ReadyNation Members Need Governors to Stay Engaged on Child Care Crisis
Employers can’t do it alone
Child care in America is in crisis, and we need America’s best public policy minds to be engaged in building solutions. I recently had the opportunity to discuss the crisis with governors and former governors who have been engaged on early childhood issues throughout their careers. That opportunity came via the Hunt Institute’s annual Governors’ Education Symposium in Utah last month. The Institute is a North-Carolina-based organization focused on improving public education and childhood supports.
I went to Utah to make sure the governors understand that our child care crisis started before the pandemic, that the pandemic made it worse, and that many business leaders, including executives who are members of ReadyNation, know the employer community has to play a significant role in a solution.
But I reminded them that the business community can’t do it alone, and that more state and federal help is needed. The child care crisis is too big for any of the involved parties to solve by themselves. Business leaders, working parents, and federal and state policymakers must all play an active role in finding solutions.
Working parents need reliable, affordable, high-quality child care so that they can be focused and “present” at work. Knowing that their infants and toddlers are in high-quality child care means that these parents will be more productive. They’ll also have better career prospects and earnings themselves. Infants and toddlers need high-quality child care programs for the sake of healthy cognitive, social, and emotional development. These programs can help set the stage for successful educational and life outcomes, including productive, rewarding careers down the road.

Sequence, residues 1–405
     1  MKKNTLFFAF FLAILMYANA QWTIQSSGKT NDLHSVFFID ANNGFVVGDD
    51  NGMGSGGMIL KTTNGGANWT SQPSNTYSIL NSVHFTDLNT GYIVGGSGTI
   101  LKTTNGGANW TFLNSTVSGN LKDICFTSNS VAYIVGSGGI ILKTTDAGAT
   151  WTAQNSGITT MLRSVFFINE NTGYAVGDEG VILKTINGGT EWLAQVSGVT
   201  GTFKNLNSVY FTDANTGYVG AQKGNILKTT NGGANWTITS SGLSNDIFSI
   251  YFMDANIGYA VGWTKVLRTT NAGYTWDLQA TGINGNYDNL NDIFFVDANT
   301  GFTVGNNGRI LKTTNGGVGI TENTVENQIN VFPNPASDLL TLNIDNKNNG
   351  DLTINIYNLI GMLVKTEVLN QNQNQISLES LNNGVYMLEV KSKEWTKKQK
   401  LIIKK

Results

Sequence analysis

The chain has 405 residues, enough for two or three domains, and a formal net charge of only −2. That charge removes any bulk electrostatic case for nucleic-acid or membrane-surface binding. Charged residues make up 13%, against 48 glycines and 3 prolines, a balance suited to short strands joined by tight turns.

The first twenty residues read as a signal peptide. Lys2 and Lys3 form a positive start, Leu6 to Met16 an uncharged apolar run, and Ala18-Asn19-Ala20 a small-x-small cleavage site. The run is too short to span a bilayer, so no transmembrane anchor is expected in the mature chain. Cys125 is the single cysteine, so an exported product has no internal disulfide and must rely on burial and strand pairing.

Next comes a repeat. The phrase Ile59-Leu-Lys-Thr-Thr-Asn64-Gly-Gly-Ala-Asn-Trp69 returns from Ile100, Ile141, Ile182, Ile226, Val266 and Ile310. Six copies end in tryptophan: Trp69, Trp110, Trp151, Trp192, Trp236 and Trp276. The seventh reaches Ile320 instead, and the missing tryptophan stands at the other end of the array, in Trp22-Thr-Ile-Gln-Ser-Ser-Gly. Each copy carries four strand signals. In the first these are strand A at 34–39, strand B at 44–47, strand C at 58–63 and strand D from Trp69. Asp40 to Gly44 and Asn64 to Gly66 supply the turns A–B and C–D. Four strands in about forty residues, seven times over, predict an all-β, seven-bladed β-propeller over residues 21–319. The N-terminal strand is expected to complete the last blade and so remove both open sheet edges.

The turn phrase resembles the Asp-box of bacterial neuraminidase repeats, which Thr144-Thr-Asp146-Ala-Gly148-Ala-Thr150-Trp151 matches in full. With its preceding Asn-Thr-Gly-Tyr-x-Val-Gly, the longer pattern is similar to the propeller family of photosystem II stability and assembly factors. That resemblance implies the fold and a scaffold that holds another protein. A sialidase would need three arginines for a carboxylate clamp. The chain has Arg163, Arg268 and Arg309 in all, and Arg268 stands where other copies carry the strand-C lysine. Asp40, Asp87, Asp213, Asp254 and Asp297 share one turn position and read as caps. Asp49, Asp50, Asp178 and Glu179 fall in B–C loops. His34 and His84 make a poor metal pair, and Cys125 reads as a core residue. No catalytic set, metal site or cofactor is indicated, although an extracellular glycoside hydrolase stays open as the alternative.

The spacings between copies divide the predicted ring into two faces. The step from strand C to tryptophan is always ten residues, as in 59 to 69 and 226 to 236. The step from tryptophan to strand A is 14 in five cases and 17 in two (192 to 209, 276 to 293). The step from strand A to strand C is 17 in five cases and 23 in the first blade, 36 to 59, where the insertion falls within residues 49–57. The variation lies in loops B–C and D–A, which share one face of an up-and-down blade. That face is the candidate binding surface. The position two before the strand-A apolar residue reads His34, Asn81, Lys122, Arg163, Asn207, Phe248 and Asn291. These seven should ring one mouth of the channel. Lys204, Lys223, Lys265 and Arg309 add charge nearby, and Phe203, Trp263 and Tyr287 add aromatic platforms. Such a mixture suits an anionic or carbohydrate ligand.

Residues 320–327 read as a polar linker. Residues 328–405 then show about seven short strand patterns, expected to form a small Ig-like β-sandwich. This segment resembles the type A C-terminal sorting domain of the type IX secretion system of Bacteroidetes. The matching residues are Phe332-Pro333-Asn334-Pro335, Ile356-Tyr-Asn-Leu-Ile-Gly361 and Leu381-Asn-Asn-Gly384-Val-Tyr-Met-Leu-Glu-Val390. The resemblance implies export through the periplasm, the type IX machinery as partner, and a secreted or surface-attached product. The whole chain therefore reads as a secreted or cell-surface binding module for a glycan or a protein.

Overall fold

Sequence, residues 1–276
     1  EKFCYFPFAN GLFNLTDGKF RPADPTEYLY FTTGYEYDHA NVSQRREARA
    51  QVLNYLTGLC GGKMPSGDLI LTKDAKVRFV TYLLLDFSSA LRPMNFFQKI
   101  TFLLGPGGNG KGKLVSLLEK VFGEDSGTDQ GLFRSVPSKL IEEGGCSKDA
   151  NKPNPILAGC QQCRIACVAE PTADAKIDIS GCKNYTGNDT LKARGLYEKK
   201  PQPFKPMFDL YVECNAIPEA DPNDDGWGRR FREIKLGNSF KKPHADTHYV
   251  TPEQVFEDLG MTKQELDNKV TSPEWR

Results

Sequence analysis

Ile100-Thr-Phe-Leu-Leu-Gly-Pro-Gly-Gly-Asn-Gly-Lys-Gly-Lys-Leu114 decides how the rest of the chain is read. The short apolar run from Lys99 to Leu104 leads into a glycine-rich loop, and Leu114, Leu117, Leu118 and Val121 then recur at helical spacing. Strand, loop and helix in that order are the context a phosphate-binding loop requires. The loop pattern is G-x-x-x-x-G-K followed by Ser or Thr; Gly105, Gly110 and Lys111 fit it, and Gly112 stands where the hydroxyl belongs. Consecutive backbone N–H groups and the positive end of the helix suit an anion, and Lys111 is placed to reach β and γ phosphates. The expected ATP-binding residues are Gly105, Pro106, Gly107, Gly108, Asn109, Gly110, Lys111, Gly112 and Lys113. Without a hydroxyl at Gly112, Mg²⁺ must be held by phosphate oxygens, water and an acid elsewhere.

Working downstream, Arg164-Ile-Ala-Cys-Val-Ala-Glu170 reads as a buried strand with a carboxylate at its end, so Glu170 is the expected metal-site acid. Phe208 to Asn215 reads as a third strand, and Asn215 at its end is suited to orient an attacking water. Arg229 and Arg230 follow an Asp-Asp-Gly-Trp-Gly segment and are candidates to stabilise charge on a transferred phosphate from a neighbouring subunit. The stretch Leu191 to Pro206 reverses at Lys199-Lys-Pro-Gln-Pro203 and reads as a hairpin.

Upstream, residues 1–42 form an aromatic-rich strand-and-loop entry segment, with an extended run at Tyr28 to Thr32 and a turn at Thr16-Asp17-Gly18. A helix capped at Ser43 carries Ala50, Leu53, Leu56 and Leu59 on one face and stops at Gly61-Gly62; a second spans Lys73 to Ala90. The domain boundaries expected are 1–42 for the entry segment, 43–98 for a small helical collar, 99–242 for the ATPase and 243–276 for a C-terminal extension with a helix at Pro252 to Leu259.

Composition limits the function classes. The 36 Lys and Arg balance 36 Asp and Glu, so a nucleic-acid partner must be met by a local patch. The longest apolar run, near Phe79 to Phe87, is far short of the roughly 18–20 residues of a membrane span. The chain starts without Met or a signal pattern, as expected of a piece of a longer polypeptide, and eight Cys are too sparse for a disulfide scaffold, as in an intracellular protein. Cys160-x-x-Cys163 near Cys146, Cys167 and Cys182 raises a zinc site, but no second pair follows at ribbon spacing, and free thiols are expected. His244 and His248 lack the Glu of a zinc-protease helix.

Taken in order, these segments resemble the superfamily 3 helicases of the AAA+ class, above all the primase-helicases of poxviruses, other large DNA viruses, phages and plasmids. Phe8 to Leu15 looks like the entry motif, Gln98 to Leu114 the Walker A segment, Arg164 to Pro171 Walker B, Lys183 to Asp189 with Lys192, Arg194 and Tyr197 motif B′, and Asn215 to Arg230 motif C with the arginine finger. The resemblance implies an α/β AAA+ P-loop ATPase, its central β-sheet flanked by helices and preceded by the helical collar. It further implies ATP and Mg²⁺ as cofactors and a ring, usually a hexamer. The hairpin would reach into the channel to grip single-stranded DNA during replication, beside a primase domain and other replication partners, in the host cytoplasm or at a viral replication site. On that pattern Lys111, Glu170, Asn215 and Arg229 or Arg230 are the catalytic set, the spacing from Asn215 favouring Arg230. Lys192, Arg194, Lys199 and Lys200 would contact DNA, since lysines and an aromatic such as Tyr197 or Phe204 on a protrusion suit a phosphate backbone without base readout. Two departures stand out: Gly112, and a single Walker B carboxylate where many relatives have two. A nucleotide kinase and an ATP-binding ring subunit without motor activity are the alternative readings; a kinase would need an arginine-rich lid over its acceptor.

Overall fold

I was able to share with the governors compelling examples of what individual ReadyNation members are doing to meet child care challenges. For example, Lyndsay Schreiber, Human Resources Director for Pioneer Bank & Trust in Rapid City, South Dakota worked with Pioneer employees who struggled to secure child care during the pandemic. The employees sat down with the executive team at Pioneer and created a child care reimbursement program that pays $5,000 per year in child care expenses. There has been more gratitude from Pioneer employees about this benefit than any other.
While that and similar examples show that many business leaders are willing to do their part, they need public-sector partnership. A ReadyNation survey last year of hundreds of business leaders showed that more than three-quarters of them believe federal or state government incentives would increase the likelihood that their company would expand the child care supports offered to employees. Government officials at all levels must understand that, if they don’t provide the necessary investments in child care, they’ll be paying the bill for more expensive problems later.
Our child care policy strategy at Council for a Strong America and ReadyNation is to bring the players together, participate in meetings like the Hunt Institute’s governors’ gathering, and help build the public support that will make substantial and sustained public investments in high-quality early childhood supports a reality at the federal and state levels. I’m grateful to the Hunt Institute for inviting me to participate, and grateful to our ReadyNation members, who continue to be constructive problem solvers as we work toward a solution to the child care crisis.
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